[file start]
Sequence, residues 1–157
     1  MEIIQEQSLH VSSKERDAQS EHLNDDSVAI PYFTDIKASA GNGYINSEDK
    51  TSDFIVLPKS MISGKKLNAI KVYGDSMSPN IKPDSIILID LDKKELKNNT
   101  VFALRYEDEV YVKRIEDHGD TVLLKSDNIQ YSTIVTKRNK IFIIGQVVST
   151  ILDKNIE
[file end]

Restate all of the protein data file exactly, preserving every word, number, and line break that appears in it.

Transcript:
Sequence, residues 1–157
     1  MEIIQEQSLH VSSKERDAQS EHLNDDSVAI PYFTDIKASA GNGYINSEDK
    51  TSDFIVLPKS MISGKKLNAI KVYGDSMSPN IKPDSIILID LDKKELKNNT
   101  VFALRYEDEV YVKRIEDHGD TVLLKSDNIQ YSTIVTKRNK IFIIGQVVST
   151  ILDKNIE